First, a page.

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Monday, 11 August 2008

WHAT ON EARTH IS THE LGC?

I have been surprised when people have said to me recently that they have never heard of the Local Government Commission (LGC)--and therefore have not heard of the democratic process open to all New Zealanders dissatisfied with their council--in spite of the fact that an LGC-application process for the Hauraki Gulf Islands has been chugging away for months (unfortunately, it is not something that moves at lightspeed).

All New Zealanders have the moral and legal right to the best local government available and to apply to the LGC to move them to it. That right is enshrined in the Local Government Act 2002 ('2002' to distinguish it from the 1974 Act of the same name).

An application to the LGC can be started in at least six ways. The Minister of Local Government can ask. An existing council can ask--so the Auckland City Council could ask to have the Hauraki Gulf Islands moved from it to another council; so could the Auckland Regional Council. Or an intending council could ask to have them transferred to it--so Thames-Coromandel District Council could ask, or its regional council, Environment Waikato. Or the application can come from the people, via a petition of at least 10% of the affected registered voters. That makes six possibilities--but if you add up all possible combinations you get thirty.

In this case, so far, the application is being started by the petition of at least 10% of the affected registered voters. A council or councils could join later, but whether they do or not does not matter.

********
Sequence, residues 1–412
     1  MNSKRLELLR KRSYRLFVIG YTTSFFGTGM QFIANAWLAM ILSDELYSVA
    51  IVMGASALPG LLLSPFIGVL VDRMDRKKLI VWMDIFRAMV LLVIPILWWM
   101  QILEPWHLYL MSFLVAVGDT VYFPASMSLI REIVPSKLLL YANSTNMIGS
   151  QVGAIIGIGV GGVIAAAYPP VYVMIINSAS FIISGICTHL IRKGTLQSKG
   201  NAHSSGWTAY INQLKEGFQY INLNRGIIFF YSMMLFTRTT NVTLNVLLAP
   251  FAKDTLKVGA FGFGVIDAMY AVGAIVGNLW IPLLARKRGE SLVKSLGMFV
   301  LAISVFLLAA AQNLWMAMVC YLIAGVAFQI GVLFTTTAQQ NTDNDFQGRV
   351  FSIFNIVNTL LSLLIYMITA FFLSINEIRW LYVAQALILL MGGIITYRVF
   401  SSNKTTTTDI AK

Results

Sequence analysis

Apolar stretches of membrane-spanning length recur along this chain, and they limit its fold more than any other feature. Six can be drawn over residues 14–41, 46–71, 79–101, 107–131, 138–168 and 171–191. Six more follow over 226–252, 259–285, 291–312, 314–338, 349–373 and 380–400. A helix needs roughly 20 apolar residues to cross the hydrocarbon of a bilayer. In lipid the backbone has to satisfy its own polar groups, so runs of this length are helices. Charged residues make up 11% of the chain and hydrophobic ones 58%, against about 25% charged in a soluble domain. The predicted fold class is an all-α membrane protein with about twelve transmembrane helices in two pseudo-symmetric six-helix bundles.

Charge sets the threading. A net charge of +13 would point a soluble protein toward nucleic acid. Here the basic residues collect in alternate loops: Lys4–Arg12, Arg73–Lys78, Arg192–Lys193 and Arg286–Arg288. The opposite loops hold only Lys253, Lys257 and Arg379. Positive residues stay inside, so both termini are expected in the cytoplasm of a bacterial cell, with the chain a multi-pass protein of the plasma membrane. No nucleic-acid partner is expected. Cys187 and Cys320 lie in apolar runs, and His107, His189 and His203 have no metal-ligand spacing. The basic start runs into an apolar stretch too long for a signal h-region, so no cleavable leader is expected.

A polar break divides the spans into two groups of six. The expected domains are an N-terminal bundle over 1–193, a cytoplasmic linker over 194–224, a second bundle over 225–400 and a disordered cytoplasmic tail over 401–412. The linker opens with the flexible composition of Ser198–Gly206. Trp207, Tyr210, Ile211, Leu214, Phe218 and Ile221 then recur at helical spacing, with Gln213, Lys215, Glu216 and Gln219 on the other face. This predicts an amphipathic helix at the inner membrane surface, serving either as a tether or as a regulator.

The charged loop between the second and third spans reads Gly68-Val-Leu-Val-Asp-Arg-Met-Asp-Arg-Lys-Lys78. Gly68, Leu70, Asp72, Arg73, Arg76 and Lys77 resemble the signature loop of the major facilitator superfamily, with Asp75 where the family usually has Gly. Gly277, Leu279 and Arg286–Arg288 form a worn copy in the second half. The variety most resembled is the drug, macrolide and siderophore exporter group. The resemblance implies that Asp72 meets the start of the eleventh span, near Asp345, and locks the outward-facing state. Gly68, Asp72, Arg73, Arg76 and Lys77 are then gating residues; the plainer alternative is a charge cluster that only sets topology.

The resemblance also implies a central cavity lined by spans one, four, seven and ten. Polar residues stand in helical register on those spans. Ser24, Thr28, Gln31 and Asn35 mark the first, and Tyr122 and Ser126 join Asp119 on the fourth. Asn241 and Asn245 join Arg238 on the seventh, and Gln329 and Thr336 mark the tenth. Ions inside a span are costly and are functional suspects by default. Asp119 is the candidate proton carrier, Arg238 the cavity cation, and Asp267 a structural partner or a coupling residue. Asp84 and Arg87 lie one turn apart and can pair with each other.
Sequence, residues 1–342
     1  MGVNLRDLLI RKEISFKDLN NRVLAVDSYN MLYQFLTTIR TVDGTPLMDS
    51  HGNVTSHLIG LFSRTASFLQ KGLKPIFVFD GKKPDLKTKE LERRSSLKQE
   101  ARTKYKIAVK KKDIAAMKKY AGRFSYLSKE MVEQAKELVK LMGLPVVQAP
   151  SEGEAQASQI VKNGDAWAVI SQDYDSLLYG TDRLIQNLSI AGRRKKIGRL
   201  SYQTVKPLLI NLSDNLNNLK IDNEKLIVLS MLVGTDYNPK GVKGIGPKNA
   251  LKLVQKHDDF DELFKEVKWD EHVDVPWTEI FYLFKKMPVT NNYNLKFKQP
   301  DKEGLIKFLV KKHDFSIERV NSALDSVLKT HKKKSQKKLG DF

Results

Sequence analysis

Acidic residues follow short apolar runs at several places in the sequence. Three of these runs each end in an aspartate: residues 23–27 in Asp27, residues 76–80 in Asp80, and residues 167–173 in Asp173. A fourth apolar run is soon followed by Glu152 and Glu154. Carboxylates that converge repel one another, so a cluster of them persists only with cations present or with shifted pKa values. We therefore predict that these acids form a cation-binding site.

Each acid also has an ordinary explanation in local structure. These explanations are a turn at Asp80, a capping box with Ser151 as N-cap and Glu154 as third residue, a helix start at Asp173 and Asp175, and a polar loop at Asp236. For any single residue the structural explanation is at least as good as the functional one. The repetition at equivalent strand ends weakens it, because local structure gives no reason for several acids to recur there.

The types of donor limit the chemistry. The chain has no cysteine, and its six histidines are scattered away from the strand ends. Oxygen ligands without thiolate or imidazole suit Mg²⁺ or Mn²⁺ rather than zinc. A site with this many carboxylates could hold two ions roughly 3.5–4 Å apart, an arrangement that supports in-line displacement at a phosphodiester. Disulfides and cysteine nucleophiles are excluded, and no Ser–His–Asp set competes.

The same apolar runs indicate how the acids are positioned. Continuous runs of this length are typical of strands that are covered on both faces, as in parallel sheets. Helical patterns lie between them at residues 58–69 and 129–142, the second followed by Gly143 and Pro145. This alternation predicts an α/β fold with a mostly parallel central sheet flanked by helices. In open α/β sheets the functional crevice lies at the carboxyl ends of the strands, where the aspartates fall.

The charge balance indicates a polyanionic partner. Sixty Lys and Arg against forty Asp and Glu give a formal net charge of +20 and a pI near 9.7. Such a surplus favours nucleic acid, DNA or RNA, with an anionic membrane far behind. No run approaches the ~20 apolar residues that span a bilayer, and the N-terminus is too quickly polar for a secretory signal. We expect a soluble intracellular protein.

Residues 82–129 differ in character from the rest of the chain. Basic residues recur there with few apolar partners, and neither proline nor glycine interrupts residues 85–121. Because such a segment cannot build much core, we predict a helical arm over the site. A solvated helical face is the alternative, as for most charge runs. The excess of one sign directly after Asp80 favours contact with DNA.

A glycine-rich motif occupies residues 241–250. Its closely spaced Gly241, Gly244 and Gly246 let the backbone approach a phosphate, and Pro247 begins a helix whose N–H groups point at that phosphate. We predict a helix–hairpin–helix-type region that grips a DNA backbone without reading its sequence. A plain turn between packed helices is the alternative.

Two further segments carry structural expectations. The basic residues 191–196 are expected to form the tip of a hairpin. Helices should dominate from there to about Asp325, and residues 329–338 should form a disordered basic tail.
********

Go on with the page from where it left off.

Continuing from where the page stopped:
Then the Local Government Commission must, in law, make its decision, above all other considerations, on one point: good local government. If it thinks, after the rigorous submission and examination process, that we would get better local government with Thames-Coromandel District Council it should move us to its administration.

Anyone who studies how Thames-Coromandel works, both the elected and the employed, in particular the level of autonomy enjoyed by its community boards, would be in no doubt that we would indeed get far better local government from it than we have been getting, or could ever get, under a city council, particularly Auckland City Council.

Once the application has been lodged no council can stop it. They have to go along with it whether they like it or not. If they tried to ignore it it has to go to the LGC after a certain time, which then takes it right out of their hands. Sooner or later it does go to the LGC, which hands down its ruling after the rigorous statutory process has been gone through (which can take up to twelve months). Once finalised the ruling becomes law through an Order in Council made in Wellington and signed off by the Governor-General.

Then the Hauraki Gulf Islands will be under whatever council was deemed to be best at local government and best for us.

The whole aim of the process is to provide us with the best. So I cannot understand why anyone would not want to support the application. Why would any true islander not want the best for us all?